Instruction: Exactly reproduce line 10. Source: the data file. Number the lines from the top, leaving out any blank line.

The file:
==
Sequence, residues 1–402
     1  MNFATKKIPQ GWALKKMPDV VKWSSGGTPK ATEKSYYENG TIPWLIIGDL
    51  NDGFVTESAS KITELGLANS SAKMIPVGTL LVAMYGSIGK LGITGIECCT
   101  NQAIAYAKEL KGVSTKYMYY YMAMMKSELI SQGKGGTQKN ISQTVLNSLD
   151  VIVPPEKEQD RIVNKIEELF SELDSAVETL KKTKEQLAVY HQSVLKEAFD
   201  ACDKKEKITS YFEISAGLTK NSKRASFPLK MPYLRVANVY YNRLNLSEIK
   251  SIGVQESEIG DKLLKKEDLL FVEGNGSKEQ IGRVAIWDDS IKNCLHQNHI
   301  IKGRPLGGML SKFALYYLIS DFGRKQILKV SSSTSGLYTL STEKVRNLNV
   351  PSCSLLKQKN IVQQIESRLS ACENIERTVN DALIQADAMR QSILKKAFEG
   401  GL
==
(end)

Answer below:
   401  GL